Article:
The opinion of the court was delivered by: DUFF
BRIAN BARNETT DUFF, UNITED STATES DISTRICT JUDGE
Plaintiff Jerelynn Bertoncini, former Deputy Village Clerk and payroll clerk of the Village of Round Lake Beach ("the Village"), has filed a three-count complaint against various Village officials. In Count I she alleges sexual harassment and retaliation in violation of Title VII of the Civil Rights Act of 1964, 42 U.S.C. §§ 2000e et seq., against Mayor Carl Schrimpf, Treasurer Donna Langel, and Trustees John Thomas, Walter Antczak and Richard Maston. In Count II she alleges a conspiracy by these defendants to violate her equal protection rights under 42 U.S.C. § 1985(3). In Count III she alleges libel per se against Mayor Schrimpf. The defendants have moved to dismiss the complaint pursuant to Fed.R.Civ.P. 12(b)(6). For the reasons set forth below, the motion to dismiss is granted in part and denied in part.
The allegations of the complaint are straightforward, and are taken as true for the purposes of this motion. Plaintiff began working for the Village on May 18, 1981. At some point prior to December, 1986, Mayor Schrimpf made unsolicited sexual advances to her. She rebuffed them, and in December 1986 the mayor's sexual advances ceased.
His harassment, however, did not. Instead, from December 1986 until plaintiff resigned the mayor and defendant Langel sought to embarrass, discredit and punish plaintiff for her refusal to engage in sexual relations with the mayor. The three defendant trustees knew of these activities, but took no action to prevent them. On March 18, 1988, while still employed with the Village, plaintiff filed a charge of sexual discrimination with the Illinois Department of Human Rights ("the IDHR") and the Equal Employment Opportunity Commission ("the EEOC") against the Village, alleging that Mayor Schrimpf and an unidentified Village employee had taken action against her for having rejected the mayor's sexual advances.
On May 18, 1988, Diane Kuyper, a reporter with the Waukegan News Sun, reported that plaintiff had resigned her positions with the Village earlier in the month. In the article, Kuyper also reported statements Mayor Schrimpf had made to the Village Board regarding "irregularities" in connection with plaintiff's work as payroll clerk, irregularities which had been discovered during an independent audit of the Village payroll.
On August 10, Kuyper reported that the IDHR charge had been dismissed. In the article, Kuyper also quoted and paraphrased statements made by Mayor Schrimpf (apparently to Kuyper) that the Village was "still investigating additional offenses involving Bertoncini." Two days later, the mayor held a press conference in which he repeated that the discrimination charge against him had been dismissed, and then stated that some procedural irregularities on plaintiff's part were still being investigated. These statements were subsequently reported in the Round Lake News.
Plaintiff later withdrew her EEOC charge and received a right to sue letter from the EEOC giving her the right to file a judicial proceeding within 90 days. She filed this action within 90 days of receiving the letter.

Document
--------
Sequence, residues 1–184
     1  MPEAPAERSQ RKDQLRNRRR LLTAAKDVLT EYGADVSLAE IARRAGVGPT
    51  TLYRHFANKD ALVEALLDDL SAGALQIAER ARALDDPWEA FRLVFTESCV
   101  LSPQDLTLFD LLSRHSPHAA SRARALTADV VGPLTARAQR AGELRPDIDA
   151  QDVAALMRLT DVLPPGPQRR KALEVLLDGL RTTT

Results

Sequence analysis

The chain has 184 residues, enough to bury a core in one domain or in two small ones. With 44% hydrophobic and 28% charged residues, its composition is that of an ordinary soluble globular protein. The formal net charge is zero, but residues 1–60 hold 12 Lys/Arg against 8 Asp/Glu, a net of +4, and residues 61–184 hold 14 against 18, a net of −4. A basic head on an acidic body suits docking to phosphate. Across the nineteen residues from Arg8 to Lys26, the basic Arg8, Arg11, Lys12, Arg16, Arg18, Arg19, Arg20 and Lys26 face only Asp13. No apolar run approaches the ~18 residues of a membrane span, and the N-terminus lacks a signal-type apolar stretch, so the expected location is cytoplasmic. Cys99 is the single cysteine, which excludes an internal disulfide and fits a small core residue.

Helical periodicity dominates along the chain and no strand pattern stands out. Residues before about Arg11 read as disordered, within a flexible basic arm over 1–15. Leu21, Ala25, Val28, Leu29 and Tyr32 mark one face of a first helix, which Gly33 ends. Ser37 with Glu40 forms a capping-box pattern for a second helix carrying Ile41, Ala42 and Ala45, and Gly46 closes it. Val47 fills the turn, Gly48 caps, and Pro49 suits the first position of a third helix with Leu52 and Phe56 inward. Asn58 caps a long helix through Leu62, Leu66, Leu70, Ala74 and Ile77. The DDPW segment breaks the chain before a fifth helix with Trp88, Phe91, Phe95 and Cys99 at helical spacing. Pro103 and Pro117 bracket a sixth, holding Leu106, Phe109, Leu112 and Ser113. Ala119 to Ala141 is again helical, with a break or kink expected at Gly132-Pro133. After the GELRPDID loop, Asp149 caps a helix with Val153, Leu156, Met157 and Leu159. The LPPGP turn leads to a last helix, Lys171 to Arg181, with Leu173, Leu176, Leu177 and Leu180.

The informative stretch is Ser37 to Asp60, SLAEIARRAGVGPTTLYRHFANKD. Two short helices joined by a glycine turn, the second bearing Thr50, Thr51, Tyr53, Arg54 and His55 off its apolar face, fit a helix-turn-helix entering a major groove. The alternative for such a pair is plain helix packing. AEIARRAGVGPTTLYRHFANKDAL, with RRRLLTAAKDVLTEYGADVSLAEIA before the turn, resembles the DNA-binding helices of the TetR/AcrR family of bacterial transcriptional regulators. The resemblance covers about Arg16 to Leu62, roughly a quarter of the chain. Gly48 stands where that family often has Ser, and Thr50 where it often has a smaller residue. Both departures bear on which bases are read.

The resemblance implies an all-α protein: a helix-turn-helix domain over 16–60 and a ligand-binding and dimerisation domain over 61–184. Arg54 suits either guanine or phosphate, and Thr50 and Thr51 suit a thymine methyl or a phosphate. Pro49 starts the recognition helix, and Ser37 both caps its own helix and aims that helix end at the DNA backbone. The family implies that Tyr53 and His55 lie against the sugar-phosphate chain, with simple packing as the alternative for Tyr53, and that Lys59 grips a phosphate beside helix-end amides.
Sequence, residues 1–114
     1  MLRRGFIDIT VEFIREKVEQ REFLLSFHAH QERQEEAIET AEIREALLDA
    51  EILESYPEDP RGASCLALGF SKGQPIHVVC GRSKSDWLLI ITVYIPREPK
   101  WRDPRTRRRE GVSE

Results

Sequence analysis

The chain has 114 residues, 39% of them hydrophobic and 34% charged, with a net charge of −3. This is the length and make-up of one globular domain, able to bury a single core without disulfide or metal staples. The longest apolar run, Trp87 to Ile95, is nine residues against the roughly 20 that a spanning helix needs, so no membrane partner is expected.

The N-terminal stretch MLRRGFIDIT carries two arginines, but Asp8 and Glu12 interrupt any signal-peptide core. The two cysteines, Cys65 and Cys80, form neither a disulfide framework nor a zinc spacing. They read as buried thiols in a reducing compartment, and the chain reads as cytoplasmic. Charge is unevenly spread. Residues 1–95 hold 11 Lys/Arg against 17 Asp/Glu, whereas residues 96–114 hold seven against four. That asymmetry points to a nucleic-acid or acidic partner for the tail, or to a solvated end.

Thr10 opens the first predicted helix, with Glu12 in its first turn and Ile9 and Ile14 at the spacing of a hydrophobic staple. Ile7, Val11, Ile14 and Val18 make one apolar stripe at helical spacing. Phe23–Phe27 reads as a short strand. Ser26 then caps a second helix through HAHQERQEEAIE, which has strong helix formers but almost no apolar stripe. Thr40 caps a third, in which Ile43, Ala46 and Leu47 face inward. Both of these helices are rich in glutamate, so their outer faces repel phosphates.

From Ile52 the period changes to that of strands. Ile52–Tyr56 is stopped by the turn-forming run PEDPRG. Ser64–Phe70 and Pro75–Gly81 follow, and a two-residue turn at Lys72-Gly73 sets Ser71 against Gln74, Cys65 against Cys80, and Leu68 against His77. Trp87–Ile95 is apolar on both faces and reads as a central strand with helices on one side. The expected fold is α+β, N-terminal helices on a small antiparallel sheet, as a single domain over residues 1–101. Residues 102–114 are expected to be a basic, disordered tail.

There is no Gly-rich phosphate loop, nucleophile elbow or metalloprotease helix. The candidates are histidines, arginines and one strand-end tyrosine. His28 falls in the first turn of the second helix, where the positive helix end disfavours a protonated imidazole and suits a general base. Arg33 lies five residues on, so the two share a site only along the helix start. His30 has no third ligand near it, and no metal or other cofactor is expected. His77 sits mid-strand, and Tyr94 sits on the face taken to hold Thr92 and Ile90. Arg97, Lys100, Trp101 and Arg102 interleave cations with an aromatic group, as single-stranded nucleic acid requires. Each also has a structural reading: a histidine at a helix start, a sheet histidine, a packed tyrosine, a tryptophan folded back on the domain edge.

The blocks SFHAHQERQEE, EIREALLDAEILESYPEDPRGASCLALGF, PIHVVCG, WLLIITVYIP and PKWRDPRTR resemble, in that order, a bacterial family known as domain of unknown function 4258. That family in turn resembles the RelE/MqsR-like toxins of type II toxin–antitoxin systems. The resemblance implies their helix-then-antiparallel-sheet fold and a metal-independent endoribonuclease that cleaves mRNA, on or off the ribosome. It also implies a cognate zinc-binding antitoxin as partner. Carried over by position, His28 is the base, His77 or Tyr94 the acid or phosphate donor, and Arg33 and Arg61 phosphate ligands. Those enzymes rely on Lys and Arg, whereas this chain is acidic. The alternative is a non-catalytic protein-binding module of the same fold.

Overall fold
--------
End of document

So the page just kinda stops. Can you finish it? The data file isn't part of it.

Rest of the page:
The defendants assert a number of grounds for the dismissal of Count I, some applicable to all defendants and others pertaining to particular defendants. The court will address them in turn.
The defendants first argue that the Title VII claim is time-barred because plaintiff did not file her EEOC charge until March 1988, 15 months after Mayor Schrimpf's alleged sexual advances ended in December 1986, and thus well beyond the 180-day limitations period for bringing a charge. See 42 U.S.C. § 2000e-5(e). This argument misconstrues the nature of her Title VII claim.
Plaintiff does not predicate her claim on Mayor Schrimpf's sexual advances. She does not state that these activities offended her, nor does she assert that the sexual advances caused her to quit. Instead, plaintiff alleges here, as she did in her EEOC charges, that the wrongdoing against her lies in the defendants' conduct after plaintiff rebuffed Mayor Schrimpf, and that this conduct continued through the time that she filed her charge with the EEOC.
Contrary to the defendants' assertions, then, the complaint does not establish that plaintiff must have known of the basis of her claim in December, 1986. It may be that plaintiff was not bothered at all by the mayor's sexual advances, and that things became unbearable for her only when the mayor and Langel engaged in their alleged efforts to embarrass, discredit and punish her for her rejection of the mayor. See Horn v. Duke Homes Division of Windsor Mobile Homes, 755 F.2d 599 (7th Cir. 1985). If so, then plaintiff can hardly be expected to have filed a charge with the EEOC before she discovered the discriminatory campaign against her. And the defendants, who allegedly participated in this continuing violation of plaintiff's rights, cannot rely on the statute of limitations as a defense to plaintiff's claims. See Herman v. National Broadcasting Co., Inc., 744 F.2d 604, 606 (7th Cir. 1984).
Perhaps recognizing that allegations of a continuing campaign of harrassment would get plaintiff through the statute of limitations door, the defendants argue that the complaint here does not adequately ...